Can This Area of the Housing Market Boom?

  Google+  Twitter | + More Articles
  • Like on Facebook
  • Share on Google+
  • Share on LinkedIn

A few years ago, it would have been difficult to find someone who said the housing market was attractive, but now rising house prices and billions of dollars in investments make one area of the housing market look like a hot bed of future money-making.

Where’s the frenzy?

Families may not be buying homes yet — with unemployment high, it’s too risky for many, even with prices down — but they’re certainly renting, and in some parts of the country, in record numbers. One firm, Blackstone Group LP (NYSE:BX), is in a mad rush to buy up properties across the country as home prices, but especially rental prices, soar faster than many had imagined they would.

Start 2013 better than ever by saving time and making money with your Limited Time Offer for our highly-acclaimed Stock Picker Newsletter. Get our fresh Feature Stock Pick now!

Blackstone started buying properties last year and is currently the largest investor in single-family homes to be managed as rentals. Since last year, Blackstone has spent more than $2.5 billion on 16,000 homes and was spending $100 million a week at one point. The availability of homes for purchase is great, as millions of homes have been foreclosed on since 2006. Blackstone’s approach is to buy properties with cash and then finance pools of property on credit, fixing up the homes and then renting them out.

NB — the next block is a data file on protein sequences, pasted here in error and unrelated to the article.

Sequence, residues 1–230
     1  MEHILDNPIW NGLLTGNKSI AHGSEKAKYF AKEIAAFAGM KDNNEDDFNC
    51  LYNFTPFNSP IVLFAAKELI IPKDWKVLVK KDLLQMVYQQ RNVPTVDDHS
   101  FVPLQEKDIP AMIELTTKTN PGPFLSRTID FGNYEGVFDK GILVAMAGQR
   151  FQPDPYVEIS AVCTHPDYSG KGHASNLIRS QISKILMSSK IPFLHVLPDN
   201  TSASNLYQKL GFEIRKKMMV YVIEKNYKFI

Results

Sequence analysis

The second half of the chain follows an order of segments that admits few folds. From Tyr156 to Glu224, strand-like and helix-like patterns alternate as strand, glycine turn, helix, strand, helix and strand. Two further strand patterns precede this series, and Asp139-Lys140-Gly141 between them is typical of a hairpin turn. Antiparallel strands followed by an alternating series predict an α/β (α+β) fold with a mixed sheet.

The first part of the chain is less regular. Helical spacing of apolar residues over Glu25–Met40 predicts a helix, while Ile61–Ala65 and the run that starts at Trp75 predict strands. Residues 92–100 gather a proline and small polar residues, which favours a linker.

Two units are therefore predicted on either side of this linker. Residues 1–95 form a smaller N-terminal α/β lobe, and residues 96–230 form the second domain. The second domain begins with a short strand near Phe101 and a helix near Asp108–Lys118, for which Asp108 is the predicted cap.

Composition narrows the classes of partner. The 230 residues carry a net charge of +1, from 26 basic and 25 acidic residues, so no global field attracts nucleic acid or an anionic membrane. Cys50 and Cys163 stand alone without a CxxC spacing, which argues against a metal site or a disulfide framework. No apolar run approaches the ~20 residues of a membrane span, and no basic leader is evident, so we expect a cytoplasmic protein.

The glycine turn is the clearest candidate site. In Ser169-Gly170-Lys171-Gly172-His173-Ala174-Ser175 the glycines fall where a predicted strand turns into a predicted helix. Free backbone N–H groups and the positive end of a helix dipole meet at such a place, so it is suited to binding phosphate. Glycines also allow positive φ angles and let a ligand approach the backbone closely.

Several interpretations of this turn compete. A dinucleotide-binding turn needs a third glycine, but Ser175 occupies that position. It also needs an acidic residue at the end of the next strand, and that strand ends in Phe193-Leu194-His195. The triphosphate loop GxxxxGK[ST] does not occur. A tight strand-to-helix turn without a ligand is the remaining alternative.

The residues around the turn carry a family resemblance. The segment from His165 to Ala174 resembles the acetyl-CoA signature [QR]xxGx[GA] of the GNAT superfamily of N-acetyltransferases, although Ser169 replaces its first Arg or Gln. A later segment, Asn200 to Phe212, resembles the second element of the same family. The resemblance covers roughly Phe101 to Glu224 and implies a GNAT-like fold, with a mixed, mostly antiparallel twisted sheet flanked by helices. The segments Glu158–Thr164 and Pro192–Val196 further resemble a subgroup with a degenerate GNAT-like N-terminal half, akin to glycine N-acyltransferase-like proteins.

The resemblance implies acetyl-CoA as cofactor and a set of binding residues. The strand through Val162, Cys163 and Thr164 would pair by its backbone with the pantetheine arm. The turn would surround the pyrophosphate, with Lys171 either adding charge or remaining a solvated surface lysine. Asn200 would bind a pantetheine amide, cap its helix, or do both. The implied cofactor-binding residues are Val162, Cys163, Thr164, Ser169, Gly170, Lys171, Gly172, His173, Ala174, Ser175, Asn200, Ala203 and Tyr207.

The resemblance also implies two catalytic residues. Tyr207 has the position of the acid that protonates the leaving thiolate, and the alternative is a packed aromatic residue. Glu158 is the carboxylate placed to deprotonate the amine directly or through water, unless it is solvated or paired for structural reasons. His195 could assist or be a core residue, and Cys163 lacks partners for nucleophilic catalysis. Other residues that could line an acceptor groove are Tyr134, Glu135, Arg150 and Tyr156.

What do the banks think?

The billions of dollars going into the market make it look profitable, and the rising house prices make homes seem like a sound investment, but there is still some uncertainty. There isn’t a long history of cash flow and operation costs from large investors, which makes other investors more hesitant. However, some are are less concerned, as Deutsche Bank AG (NYSE:DB), Citigroup (NYSE:C), and Wells Fargo & Co (NYSE:WFC) have each put millions of dollars behind firms in the housing market. In addition, JPMorgan Chase & Co (NYSE:JPM) believes the industry that has been run mostly by “mom and pop” could be a new industrial asset class worth up to $1.5 trillion.

Don’t Miss: Is The U.S. Debt Ceiling Really A Debt Target?

More Articles About:

To contact the reporter on this story: staff.writers@wallstcheatsheet.com To contact the editor responsible for this story: editors@wallstcheatsheet.com

Yahoo Finance, Harvard Business Review, Market Watch, The Wall St. Journal, Financial Times, CNN Money, Fox Business